To link to this article, copy this persistent link:

(Nov 26, 2013) The Ministry of Finance of Belarus recently proposed legislation that introduces a tax on non-working citizens who do not pay taxes and therefore do not contribute to the budget revenues. If passed, as of January 1, 2015, a tax in the amount of approximately US$280 will be imposed on those who did not work for six months in a calendar year and accordingly did not pay income tax for the same period. A draft of the President's decree introducing this tax and the implementing regulations, prepared by the Council of Ministers and the Ministry of Labor and Social Protection, were published by the Charter 97 web portal. ("Idler Tax" Will Be Introduced in a Year?,Charter 97 (Oct. 14, 2013).) It is expected that revenues received from the new tax will be used to reimburse the local and regional government for education, health care, and other social services and benefits provided to Belarusians who do not contribute to the national economy. (In Belarus, Bill on Idler Tax Was Introduced [in Russian], BELTA NEWS AGENCY (Nov. 12, 2013).)

Earlier this year,thePrimeMinister of Belarus,Mikhail Myasnikovich, argued thatabout445,000 people of working age, out of the total population of about nine million in Belarus,are not employed and do not contributeto the public good. In order to solve this problem,heproposed the taxation of non-working persons, as well as intensifying work on creating highly productive jobs in the country. (Mikhail Myasnikovich Proposes Tax on Non-Employed Citizens in Belarus [in Russian], EUROBELARUS (July 12, 2013).)

The draft decree defines individuals subject to the tax as "citizens not participating in funding state expenses" and assigns the Ministry of Internal Affairs (the police) the task of creating a nation-wide database of employment-age individuals who are not registered as permanently employed. ("Idler Tax" Will Be Introduced in a Year?, supra.) A similar law aimed against those non-working individuals who receive social benefits while there are job vacancies in the region where they reside was recently introduced in the Russian legislature. (Governor Tuleev Proposed to Reinstate the Law Against Those Who Receive Social Benefits Instead of Salary [in Russian], NEWSRU.COM (Nov. 20, 2013).)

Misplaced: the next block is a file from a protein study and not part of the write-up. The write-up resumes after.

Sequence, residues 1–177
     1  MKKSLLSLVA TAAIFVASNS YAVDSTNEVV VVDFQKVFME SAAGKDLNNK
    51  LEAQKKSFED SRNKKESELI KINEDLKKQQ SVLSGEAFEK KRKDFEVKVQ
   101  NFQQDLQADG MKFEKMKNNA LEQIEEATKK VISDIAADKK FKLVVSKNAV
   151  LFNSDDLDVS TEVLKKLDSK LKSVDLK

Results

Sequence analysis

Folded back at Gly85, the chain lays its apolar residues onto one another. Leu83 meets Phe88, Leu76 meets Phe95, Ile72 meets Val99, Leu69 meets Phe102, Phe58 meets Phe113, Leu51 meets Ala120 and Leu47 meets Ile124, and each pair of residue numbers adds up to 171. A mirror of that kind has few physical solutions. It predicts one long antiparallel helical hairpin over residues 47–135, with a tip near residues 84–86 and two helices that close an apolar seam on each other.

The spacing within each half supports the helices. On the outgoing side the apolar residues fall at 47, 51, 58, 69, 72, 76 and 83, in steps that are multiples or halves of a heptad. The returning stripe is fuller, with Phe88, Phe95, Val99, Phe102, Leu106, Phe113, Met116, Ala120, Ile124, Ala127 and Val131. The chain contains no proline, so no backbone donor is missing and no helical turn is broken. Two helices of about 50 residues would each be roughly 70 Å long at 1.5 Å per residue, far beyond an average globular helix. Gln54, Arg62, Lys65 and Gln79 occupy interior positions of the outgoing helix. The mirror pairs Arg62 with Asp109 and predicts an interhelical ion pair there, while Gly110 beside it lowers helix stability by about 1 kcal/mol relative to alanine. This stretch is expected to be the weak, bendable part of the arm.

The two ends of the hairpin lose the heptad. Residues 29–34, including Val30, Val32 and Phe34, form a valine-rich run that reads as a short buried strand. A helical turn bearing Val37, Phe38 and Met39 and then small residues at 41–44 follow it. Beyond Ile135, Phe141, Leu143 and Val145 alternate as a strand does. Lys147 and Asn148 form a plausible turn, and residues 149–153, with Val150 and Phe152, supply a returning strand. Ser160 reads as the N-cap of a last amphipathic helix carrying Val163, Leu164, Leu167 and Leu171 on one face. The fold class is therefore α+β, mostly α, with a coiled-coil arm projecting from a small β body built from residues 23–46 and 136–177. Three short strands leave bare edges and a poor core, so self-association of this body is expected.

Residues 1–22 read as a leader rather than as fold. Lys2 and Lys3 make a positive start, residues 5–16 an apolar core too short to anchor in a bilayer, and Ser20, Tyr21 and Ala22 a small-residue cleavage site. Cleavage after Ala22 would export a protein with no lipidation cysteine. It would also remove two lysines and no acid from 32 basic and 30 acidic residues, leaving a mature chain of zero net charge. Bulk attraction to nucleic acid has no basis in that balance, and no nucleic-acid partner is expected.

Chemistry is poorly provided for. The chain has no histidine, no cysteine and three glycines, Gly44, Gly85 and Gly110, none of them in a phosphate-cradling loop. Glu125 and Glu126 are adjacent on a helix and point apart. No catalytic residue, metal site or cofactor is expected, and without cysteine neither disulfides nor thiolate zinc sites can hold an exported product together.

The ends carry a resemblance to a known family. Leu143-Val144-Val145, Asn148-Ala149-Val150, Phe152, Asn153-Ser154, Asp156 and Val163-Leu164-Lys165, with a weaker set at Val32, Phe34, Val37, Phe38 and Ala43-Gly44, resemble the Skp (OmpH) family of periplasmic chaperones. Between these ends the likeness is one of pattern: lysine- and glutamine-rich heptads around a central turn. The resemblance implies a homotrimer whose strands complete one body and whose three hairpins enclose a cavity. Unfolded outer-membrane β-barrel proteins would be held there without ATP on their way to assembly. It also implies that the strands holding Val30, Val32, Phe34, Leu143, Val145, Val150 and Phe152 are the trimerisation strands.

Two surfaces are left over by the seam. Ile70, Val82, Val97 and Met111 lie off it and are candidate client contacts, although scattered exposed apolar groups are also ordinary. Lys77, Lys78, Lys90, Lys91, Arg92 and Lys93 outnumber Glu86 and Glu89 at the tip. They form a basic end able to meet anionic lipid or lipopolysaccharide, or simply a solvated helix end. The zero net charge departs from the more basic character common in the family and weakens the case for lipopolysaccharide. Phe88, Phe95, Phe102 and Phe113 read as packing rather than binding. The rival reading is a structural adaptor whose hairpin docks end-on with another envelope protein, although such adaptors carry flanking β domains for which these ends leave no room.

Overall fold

In addition to this tax proposal, the Belarusian President, Alexander Lukashenko, announced his plans to improve the hiring system in the country. According to the President, there are too many people in Belarus who show up at workplaces under the influence of alcohol, while smoking, etc., because they are not afraid to lose their jobs. In order to improve work discipline, Lukashenko is planning to restore the system of mandatory reference letters from the previous employer. During the Soviet period, each job seeker was required to produce such a document when applying for a job. (Tatyana Polezhai, Lukashenko: Hiring System Will Be Improved in Belarus in Near Future [in Russian], BELTA NEWS AGENCY (Nov. 12, 2013).)

Prepared by Svitlana Vodyanyk, Contract Foreign Law Specialist, under the supervision of Peter Roudik, Director of Legal Research.

Author: Peter Roudik More by this author
Topic: Employee hiring More on this topic
 Income tax More on this topic
 Labor More on this topic
 Taxation More on this topic
Jurisdiction: Belarus More about this jurisdiction

Search Legal News
Find legal news by topic, country, keyword, date, or author.

Global Legal Monitor RSS
Get the Global Legal Monitor delivered to your inbox. Sign up for RSS service.

The Global Legal Monitor is an online publication from the Law Library of Congress covering legal news and developments worldwide. It is updated frequently and draws on information from the Global Legal Information Network, official national legal publications, and reliable press sources. You can find previous news by searching the GLM.

Last updated: 11/26/2013